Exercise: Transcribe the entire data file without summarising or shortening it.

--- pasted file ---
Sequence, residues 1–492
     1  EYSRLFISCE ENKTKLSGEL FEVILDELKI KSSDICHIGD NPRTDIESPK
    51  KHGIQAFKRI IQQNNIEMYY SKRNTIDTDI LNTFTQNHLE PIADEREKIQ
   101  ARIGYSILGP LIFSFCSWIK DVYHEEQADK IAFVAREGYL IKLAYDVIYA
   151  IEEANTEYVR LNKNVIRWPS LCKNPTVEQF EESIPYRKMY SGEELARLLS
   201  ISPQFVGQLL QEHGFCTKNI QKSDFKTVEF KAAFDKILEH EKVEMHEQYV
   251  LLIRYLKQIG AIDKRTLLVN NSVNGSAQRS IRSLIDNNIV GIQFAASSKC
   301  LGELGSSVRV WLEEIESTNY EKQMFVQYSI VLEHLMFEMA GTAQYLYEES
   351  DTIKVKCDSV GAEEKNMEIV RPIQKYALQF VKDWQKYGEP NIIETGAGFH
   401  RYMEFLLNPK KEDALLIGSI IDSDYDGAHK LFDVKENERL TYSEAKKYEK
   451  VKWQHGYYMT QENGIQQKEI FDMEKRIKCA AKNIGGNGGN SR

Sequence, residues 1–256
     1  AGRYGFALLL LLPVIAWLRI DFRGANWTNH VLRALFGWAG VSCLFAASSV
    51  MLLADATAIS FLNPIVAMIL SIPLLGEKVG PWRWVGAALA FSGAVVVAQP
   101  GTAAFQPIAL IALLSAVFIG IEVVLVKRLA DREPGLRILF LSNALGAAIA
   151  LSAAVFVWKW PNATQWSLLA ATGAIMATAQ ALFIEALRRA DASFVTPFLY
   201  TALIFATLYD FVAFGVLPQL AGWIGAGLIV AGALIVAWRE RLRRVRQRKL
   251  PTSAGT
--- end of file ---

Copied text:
Sequence, residues 1–492
     1  EYSRLFISCE ENKTKLSGEL FEVILDELKI KSSDICHIGD NPRTDIESPK
    51  KHGIQAFKRI IQQNNIEMYY SKRNTIDTDI LNTFTQNHLE PIADEREKIQ
   101  ARIGYSILGP LIFSFCSWIK DVYHEEQADK IAFVAREGYL IKLAYDVIYA
   151  IEEANTEYVR LNKNVIRWPS LCKNPTVEQF EESIPYRKMY SGEELARLLS
   201  ISPQFVGQLL QEHGFCTKNI QKSDFKTVEF KAAFDKILEH EKVEMHEQYV
   251  LLIRYLKQIG AIDKRTLLVN NSVNGSAQRS IRSLIDNNIV GIQFAASSKC
   301  LGELGSSVRV WLEEIESTNY EKQMFVQYSI VLEHLMFEMA GTAQYLYEES
   351  DTIKVKCDSV GAEEKNMEIV RPIQKYALQF VKDWQKYGEP NIIETGAGFH
   401  RYMEFLLNPK KEDALLIGSI IDSDYDGAHK LFDVKENERL TYSEAKKYEK
   451  VKWQHGYYMT QENGIQQKEI FDMEKRIKCA AKNIGGNGGN SR

Sequence, residues 1–256
     1  AGRYGFALLL LLPVIAWLRI DFRGANWTNH VLRALFGWAG VSCLFAASSV
    51  MLLADATAIS FLNPIVAMIL SIPLLGEKVG PWRWVGAALA FSGAVVVAQP
   101  GTAAFQPIAL IALLSAVFIG IEVVLVKRLA DREPGLRILF LSNALGAAIA
   151  LSAAVFVWKW PNATQWSLLA ATGAIMATAQ ALFIEALRRA DASFVTPFLY
   201  TALIFATLYD FVAFGVLPQL AGWIGAGLIV AGALIVAWRE RLRRVRQRKL
   251  PTSAGT